FARGO, N.D. -- Volunteers filled and stacked sandbags yesterday to protect houses in North Dakota and Minnesota from the rising Red River and its tributaries, swollen by melting snow and heavy rain.
Mayor Bruce Furness said Fargo was preparing for a flood crest next week of 37 to 38 feet, well above the official flood stage of 18 feet.
However, he has said that would threaten only about 30 homes, compared with about 130 flooded in 1997.
Along with the sandbagging, the mayor said there were signs the river's rise is slowing. ''We're feeling better today than we did yesterday," Furness said.
The rain was part of a line of storms that pounded the Midwest with heavy rain, hail, and tornadoes over the last three days. At least one death was reported.
A 57-year-old woman died in a water-filled ditch, where she apparently fell while trying to walk home early Friday, authorities said. Her car stalled on a flooded section of Interstate 29 in Grand Forks County, N.D.
On the Minnesota side of the Red River valley, the Buffalo River went over its banks. The Rev. Brad Lewis had to use a canoe to get around his five 5-acre farmstead, about 15 miles south of Fargo near Sabin, Minn.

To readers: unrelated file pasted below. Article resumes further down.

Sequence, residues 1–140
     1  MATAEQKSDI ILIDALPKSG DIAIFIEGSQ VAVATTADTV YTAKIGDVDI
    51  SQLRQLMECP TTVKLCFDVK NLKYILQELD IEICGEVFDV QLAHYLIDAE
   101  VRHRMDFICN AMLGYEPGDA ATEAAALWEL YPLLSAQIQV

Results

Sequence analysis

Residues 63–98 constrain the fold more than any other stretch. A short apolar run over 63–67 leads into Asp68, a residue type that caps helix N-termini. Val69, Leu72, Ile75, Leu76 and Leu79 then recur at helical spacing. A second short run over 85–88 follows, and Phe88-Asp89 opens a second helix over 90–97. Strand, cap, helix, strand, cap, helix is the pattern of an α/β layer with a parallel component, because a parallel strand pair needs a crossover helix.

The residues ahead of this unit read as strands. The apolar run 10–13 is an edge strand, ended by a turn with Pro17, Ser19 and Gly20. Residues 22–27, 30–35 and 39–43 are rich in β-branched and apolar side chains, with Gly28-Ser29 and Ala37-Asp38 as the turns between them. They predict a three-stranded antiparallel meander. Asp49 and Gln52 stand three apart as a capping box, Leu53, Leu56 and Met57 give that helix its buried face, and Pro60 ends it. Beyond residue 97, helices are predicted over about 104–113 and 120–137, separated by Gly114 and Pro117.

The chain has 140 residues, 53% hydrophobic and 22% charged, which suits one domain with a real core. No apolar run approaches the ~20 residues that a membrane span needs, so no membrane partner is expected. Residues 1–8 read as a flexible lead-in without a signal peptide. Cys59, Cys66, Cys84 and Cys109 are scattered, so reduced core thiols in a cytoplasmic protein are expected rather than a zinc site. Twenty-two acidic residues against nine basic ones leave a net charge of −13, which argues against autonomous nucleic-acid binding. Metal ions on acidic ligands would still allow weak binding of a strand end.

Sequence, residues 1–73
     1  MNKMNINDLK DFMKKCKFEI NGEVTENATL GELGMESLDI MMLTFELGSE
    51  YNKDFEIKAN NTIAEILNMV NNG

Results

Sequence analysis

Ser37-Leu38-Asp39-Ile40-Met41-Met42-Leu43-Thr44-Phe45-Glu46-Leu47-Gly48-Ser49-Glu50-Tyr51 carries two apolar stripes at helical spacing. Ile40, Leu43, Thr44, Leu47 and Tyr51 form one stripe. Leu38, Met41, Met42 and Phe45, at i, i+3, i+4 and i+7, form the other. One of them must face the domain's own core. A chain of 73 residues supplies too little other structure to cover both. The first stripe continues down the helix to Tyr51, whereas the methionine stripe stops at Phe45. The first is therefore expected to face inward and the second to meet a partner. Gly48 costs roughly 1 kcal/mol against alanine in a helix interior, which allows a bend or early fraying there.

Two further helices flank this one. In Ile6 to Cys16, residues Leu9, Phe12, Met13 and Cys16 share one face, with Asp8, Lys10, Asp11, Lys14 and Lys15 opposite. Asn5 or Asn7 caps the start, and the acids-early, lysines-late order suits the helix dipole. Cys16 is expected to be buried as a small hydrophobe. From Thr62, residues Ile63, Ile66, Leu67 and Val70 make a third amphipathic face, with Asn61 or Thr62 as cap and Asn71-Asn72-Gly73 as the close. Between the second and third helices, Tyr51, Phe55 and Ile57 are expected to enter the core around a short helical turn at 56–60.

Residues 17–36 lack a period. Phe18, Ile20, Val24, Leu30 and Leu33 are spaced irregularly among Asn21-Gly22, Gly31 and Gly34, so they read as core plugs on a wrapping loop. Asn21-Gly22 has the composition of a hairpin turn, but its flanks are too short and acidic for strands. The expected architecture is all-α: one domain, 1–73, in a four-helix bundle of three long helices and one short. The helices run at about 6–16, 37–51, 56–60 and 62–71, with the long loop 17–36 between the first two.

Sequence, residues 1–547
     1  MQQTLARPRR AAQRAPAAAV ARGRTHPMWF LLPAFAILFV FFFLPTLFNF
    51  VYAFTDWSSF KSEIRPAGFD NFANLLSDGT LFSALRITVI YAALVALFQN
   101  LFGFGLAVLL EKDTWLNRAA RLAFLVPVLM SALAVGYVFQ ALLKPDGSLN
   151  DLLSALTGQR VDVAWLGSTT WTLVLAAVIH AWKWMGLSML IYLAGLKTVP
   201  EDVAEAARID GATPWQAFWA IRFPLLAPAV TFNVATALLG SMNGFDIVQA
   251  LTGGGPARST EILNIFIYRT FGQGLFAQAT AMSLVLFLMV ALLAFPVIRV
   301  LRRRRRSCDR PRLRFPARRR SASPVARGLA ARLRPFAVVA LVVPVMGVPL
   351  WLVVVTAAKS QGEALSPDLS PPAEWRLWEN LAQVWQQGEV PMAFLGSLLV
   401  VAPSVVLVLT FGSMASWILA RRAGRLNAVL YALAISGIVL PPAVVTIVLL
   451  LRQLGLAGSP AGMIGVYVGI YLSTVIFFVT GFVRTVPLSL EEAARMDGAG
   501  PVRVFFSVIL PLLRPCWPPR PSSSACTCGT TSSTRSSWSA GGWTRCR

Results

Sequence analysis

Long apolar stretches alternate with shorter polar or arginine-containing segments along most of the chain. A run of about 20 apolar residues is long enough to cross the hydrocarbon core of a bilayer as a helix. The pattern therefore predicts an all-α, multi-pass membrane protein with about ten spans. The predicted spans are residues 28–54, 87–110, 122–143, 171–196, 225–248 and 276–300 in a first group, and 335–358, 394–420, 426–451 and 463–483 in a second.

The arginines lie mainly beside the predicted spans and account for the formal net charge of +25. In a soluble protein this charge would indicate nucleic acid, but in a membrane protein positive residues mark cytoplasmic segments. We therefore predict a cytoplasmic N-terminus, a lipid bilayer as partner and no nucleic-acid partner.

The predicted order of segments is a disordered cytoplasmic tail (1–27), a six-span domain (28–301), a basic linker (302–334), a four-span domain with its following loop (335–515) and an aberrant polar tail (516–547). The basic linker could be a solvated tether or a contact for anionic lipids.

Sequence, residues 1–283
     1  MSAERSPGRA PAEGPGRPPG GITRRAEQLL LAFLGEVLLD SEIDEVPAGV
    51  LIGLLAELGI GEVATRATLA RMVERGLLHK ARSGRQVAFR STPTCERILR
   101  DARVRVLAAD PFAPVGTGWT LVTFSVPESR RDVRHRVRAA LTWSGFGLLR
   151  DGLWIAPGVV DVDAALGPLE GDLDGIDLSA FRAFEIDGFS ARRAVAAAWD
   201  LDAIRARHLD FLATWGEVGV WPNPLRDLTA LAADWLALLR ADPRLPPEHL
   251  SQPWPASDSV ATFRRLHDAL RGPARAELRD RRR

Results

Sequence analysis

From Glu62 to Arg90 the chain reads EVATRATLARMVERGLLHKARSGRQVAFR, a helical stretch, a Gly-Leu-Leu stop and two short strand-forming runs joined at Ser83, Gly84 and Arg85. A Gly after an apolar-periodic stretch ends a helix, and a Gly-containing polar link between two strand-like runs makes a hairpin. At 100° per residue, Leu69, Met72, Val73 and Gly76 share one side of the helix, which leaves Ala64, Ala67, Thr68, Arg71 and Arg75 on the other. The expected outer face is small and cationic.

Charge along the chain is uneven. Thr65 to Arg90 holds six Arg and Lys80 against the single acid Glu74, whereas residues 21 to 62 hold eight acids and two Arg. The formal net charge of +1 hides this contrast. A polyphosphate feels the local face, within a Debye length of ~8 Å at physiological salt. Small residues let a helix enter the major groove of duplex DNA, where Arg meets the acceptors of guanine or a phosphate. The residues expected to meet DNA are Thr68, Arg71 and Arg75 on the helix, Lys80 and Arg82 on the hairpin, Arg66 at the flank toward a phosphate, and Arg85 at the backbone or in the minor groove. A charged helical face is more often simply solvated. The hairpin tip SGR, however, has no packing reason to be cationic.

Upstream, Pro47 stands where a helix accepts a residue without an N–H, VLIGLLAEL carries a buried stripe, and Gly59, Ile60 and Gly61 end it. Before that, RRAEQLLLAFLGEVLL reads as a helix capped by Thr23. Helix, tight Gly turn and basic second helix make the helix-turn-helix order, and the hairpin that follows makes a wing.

Authorities in Minnesota's Norman County closed highways near Ada because of flooding yesterday.
The severe weather reached Indiana on Friday, and authorities were trying to determine if tornadoes were responsible for damage in the Indianapolis suburb of Greenwood.
''We've got witnesses who did see a funnel cloud drop out of the sky and do the damage to the houses, police Lieutenant Robert Dine said.
He also said that there was''roof damage and a lot of damage to the industrial area," city police Lieutenant Robert Dine said.
Charlie Mascheck and his family had to dash to safety when that storm tore a wall from their house. ''All of a sudden we just heard that sound that everybody tells you about," he said.